"Maybe we will be able to compensate for our poor percentage on offense by the sheer number of opportunities we get," said Andrei Kirilenko, captain of Russia's national basketball team, in an interview with the Sport Express newspaper before the squad left for EuroBasket '07 in Spain.
Kirilenko, following years under manager Jerry Sloan at the Utah Jazz, evidently recognized the current Russian team's major trouble area immediately: a defective offensive game incongruous with its ambition to be included in the highest level of Continental basketball.
Coach David Blatt and the top level of the Russian basketball world are also aware of these limitations. The national team, which Blatt took control of a year and a half ago, is not talented enough to be considered one of the best European teams, which include Spain, France, Lithuania, Greece and Serbia's original strong squad. "This squad is not expected to surprise anyone," said Sergei Tarakanov, Russia's general manager.
This is not a preemptive strike; these are the facts. Most Russian basketball experts and senior sports journalists agree with Tarakanov: A place among the top four to seven teams at EuroBasket '07, which would give Russia a chance to compete for an additional spot at the Beijing Olympics next year, would be a realistic and respectable finish. In the three previous European championships, Russia was stopped in the quarterfinals.
There is no doubt that Blatt knew what he was getting into and what is expected of him. From the very first day, the Israeli coach - who is considered an expert on American basketball by many in the Russian media - made it clear that his goal is to qualify the team for the 2008 Olympics. If he does not meet this objective, Blatt's association with the Russian Basketball Federation would naturally come to an end.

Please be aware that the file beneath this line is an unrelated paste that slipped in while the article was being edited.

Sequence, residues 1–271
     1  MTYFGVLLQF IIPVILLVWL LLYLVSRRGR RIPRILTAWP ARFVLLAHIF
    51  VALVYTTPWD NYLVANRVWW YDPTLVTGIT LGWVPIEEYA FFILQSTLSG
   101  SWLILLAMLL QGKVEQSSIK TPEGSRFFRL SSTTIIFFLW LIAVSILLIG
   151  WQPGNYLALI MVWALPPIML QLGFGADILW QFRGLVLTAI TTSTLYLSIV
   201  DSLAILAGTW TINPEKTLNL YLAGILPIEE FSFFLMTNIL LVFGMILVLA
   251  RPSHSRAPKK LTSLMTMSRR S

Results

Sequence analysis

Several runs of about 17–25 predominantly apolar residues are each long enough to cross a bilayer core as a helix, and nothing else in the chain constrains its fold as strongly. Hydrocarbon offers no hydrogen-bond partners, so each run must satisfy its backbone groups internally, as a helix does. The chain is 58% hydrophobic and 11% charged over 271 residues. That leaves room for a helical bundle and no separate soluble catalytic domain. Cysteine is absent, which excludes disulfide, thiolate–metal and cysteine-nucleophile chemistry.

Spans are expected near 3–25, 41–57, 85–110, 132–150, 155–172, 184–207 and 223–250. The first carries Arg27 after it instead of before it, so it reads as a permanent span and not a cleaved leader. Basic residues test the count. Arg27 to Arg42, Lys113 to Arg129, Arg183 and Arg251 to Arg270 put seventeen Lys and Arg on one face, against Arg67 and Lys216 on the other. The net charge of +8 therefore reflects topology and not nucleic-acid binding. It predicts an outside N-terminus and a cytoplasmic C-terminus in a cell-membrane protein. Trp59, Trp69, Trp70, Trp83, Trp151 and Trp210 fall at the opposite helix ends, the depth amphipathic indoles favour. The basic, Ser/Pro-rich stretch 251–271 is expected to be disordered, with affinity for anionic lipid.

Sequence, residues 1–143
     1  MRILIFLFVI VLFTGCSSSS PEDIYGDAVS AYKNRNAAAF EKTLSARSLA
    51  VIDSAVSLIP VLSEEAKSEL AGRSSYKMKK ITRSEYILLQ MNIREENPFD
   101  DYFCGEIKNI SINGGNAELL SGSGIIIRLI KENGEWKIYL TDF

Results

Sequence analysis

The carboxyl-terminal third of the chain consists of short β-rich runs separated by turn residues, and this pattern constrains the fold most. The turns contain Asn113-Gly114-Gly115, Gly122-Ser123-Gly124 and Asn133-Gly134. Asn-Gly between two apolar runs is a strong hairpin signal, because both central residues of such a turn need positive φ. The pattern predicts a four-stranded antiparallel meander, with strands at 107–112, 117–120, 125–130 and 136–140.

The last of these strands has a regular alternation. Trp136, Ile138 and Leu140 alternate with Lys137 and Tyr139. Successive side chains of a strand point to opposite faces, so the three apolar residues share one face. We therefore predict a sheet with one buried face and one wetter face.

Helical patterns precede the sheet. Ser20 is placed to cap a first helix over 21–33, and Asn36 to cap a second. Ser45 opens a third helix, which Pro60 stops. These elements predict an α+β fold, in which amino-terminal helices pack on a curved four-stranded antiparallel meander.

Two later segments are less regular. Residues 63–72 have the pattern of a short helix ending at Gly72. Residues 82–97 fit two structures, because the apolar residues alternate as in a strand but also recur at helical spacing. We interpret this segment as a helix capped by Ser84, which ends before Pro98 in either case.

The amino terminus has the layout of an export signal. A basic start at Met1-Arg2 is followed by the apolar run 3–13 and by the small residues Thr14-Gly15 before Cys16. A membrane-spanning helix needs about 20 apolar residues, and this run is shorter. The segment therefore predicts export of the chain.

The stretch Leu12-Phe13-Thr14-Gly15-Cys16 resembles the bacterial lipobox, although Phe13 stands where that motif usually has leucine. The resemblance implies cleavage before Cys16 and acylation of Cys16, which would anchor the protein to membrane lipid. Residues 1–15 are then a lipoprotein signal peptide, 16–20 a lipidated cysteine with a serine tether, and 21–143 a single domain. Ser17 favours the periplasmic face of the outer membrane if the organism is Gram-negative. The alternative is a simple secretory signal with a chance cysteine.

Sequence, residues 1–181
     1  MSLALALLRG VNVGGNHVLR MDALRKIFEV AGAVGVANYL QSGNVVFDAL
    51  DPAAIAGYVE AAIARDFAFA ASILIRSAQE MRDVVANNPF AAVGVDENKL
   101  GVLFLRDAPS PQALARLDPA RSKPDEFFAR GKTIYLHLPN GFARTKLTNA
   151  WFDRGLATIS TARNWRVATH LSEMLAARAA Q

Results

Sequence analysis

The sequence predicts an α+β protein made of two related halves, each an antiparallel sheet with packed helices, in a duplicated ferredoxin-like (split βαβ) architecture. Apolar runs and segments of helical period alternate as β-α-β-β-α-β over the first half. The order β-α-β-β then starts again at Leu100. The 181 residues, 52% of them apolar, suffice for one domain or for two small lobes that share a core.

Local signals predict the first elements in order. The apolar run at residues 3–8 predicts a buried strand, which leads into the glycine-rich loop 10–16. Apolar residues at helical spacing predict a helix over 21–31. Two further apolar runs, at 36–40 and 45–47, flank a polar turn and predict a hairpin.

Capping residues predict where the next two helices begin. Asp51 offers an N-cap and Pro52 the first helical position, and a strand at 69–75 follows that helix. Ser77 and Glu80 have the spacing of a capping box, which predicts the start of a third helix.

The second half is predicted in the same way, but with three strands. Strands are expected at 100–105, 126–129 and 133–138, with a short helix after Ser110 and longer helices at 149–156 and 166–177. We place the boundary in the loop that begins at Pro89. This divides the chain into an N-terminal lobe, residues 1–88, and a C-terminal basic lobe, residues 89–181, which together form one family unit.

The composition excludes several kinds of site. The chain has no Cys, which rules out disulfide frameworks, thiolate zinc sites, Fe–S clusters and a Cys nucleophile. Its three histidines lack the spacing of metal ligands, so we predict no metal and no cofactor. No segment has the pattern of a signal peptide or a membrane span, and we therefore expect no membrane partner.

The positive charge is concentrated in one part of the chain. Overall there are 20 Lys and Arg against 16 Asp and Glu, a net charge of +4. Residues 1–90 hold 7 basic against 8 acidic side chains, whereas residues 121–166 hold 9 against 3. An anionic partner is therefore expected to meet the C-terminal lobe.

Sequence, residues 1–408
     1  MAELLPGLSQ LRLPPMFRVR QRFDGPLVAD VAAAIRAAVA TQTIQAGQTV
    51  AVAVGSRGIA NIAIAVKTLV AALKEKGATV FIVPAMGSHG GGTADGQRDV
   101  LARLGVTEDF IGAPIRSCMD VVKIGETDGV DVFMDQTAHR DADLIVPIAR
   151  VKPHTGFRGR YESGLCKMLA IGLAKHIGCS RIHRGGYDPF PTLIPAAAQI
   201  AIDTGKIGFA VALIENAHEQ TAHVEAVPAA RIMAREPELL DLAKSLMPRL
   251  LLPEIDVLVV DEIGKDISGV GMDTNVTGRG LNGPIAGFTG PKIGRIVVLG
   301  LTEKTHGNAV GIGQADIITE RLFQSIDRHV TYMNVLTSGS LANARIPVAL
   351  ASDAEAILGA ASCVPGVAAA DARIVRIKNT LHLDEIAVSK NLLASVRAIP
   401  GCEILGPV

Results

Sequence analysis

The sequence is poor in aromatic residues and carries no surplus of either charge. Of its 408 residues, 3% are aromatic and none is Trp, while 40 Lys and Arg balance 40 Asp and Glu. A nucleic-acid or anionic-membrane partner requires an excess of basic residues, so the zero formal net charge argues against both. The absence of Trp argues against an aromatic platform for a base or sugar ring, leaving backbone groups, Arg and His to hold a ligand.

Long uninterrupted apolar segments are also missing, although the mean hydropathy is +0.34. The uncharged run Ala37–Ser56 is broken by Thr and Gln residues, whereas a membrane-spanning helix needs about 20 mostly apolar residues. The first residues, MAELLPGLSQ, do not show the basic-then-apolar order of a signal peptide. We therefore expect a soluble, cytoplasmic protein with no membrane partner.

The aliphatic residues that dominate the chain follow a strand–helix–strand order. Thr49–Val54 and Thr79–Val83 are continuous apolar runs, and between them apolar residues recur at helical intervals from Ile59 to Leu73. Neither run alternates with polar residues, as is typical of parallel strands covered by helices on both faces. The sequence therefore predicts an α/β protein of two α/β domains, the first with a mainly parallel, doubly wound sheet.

Another thing is certain: Professional appreciation for Blatt in Russia is solid, even from those who originally thought hiring a foreigner as head coach was a national disgrace. Blatt has been described in Russian newspapers as "the squad's ace at the European championship" (Vladimir Muzeytzev, Sport Express).
In light of the task his employers gave him, Blatt introduced a style of play different from what the team had been accustomed to: aggressive defense, quick transitions and relatively shorter offensive plays. However, the Russian national team is not Maccabi Tel Aviv, with Parker and Saras, nor is it Benetton Treviso, with Zizis and Bargnani. Russia may have one of Europe's best defenses, but it is inferior to other squads in its players' offensive skills.
"David is an experienced coach and he is trying to create a 'golden mean' style during the squad's preparations," Kirilenko said.
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